Istanbul Cult Recipes

This is the book I haven’t been able to mention on the podcast! And now I can!

This was sent to me by the publisher, Murdoch Books, at no cost. It’s available now; RRP $49.99.

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The book itself

is a lovely object. My copy is a hardback and the image on the front is delightful; the bits that look yellow in the pic to the left are actually gold. It’s a hefty tome, with about 250pp of recipes and good thick covers.

The book is divided into several sections: At the Kahvalti Salon (breakfast); The Meyhane Table (meze and fish); Lokanta, Kofteci, Kebabci (soups, meats and rice); At Home (family recipes); Street Food; and Turkish Delights (sweet things). It’s an intriguing division, especially that central set of chapters, because they don’t correspond to meal times as other books often do. Instead it’s more about the style of food, which I quite like, once you’ve got your head around how to look for particular sorts of food.

The other intriguing aspect of the book is that it’s not just recipes. It’s not even just recipes plus stories about the people. No; Larmoyer is toying with the reader/cook and may be in cahoots with the Turkish tourism board because each chapter also has a double spread on where to go in Istanbul in order to eat. There’s a map and a list of the best places to go for different specialities. Which… seems a bit cruel, really. But at least the book provides recipes to help those of us who can’t up and run to Istanbul at a moment’s notice.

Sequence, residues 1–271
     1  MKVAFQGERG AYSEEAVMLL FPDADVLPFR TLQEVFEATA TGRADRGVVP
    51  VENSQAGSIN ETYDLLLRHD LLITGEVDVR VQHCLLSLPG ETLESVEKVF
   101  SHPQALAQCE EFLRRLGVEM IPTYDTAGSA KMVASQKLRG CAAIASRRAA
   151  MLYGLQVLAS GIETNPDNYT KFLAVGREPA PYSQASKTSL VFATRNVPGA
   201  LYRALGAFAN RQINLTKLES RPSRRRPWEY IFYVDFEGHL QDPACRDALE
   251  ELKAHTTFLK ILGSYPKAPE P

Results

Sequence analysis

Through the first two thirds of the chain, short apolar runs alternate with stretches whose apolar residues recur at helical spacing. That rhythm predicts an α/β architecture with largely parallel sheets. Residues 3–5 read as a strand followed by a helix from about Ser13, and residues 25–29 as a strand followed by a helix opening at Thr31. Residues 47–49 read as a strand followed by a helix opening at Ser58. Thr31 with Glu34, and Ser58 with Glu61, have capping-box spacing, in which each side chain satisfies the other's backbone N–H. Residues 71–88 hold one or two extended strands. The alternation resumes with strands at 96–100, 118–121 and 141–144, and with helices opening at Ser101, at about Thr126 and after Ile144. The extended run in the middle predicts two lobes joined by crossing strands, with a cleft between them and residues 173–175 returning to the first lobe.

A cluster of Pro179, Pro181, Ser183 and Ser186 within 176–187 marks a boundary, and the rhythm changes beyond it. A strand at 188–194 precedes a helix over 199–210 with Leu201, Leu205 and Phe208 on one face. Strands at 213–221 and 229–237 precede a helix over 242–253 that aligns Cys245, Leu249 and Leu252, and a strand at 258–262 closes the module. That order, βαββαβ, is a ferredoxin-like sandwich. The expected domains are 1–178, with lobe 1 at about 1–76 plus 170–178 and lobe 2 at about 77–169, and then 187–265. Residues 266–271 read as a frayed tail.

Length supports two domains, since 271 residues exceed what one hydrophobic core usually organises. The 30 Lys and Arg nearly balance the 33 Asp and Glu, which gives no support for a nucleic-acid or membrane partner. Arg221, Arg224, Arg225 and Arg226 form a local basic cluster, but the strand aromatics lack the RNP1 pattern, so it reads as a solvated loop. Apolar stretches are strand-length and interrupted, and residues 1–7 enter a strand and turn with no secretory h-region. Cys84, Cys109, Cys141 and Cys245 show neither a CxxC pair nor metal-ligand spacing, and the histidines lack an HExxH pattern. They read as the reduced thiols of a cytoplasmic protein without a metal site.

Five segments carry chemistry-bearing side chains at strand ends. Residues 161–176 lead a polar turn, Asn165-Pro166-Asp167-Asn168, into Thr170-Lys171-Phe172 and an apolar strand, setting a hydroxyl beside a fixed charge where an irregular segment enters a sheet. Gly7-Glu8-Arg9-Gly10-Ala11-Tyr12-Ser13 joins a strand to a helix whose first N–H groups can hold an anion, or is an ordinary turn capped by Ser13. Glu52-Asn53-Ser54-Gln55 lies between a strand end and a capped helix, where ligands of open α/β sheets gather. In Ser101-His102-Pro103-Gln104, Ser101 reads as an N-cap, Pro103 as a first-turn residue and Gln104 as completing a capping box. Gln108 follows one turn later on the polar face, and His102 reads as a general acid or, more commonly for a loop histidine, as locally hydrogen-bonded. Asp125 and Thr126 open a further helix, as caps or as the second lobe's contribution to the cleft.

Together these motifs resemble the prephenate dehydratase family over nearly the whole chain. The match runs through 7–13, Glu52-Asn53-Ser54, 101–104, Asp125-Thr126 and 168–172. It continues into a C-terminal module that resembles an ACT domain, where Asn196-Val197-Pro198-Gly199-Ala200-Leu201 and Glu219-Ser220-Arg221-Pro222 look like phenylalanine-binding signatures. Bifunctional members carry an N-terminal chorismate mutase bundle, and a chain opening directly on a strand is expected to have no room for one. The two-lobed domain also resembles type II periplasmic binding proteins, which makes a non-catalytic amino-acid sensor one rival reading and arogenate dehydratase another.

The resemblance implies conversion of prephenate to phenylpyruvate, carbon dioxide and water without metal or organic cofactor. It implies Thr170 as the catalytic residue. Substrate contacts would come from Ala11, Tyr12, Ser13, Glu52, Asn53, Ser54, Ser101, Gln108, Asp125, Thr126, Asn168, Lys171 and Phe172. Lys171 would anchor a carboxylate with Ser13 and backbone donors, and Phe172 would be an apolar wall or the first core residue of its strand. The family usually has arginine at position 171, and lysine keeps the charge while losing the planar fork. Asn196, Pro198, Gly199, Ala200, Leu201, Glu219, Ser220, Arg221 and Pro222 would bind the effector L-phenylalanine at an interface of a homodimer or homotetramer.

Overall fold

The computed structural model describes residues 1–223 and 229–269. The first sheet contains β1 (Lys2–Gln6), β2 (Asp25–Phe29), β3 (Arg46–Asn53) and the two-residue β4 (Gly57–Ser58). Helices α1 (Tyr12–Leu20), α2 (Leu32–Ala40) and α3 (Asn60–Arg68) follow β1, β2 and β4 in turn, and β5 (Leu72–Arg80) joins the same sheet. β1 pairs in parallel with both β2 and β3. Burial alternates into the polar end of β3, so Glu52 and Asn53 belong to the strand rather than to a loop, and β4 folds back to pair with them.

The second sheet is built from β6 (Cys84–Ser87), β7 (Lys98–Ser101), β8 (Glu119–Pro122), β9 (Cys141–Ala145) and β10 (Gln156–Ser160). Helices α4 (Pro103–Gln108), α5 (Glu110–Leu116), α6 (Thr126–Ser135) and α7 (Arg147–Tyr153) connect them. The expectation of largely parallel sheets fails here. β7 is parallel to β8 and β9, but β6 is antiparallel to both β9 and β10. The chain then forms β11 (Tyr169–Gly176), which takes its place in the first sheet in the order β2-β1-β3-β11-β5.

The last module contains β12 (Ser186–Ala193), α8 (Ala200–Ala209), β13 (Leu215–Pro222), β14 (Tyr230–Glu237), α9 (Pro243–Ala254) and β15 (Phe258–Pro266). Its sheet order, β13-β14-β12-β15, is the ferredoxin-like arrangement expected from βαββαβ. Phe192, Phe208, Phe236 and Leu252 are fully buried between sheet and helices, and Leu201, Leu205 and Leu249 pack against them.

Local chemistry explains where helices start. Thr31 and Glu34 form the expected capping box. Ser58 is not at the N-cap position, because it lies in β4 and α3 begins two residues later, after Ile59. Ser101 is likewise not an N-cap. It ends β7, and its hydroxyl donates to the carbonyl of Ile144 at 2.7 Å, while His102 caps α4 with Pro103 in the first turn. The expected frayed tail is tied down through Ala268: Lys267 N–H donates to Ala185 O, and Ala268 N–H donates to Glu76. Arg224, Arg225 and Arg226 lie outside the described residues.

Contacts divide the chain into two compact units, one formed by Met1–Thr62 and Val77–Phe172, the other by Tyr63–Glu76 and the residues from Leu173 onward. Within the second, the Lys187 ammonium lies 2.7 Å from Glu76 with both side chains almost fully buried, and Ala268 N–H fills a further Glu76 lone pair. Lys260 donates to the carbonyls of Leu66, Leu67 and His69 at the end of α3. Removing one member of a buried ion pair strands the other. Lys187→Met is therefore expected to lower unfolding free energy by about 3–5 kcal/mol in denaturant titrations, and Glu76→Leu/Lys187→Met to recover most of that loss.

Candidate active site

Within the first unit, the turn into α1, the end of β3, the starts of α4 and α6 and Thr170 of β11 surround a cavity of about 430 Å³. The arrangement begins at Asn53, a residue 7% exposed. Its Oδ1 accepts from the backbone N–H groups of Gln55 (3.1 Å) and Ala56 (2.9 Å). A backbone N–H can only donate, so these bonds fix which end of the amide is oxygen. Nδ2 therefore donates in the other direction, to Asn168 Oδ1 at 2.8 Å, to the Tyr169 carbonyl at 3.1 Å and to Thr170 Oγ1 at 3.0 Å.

The book is replete with pictures of both the food mentioned and the places where it’s bought and made. The recipes are laid out across a single page, with a story or tip for each one; pretty much all have at least one photo accompanying the recipe. A lot of these photos look quite domestic – I’m sure a lot of thought went into styling them to get the effect, but I do find it reassuring to see a photo, when flicking through the book, that doesn’t look too enormously different from what would be possible in my own kitchen! (Except for the pictures of producing epic quantities of baklava. EPIC.) The ingredients are listed in bold type, which I like, and so far they seem straightforward to follow.

As a book, this is a very attractive object. Find out tomorrow what I thought of the recipes! (… eh, spoiler: they’re good.)

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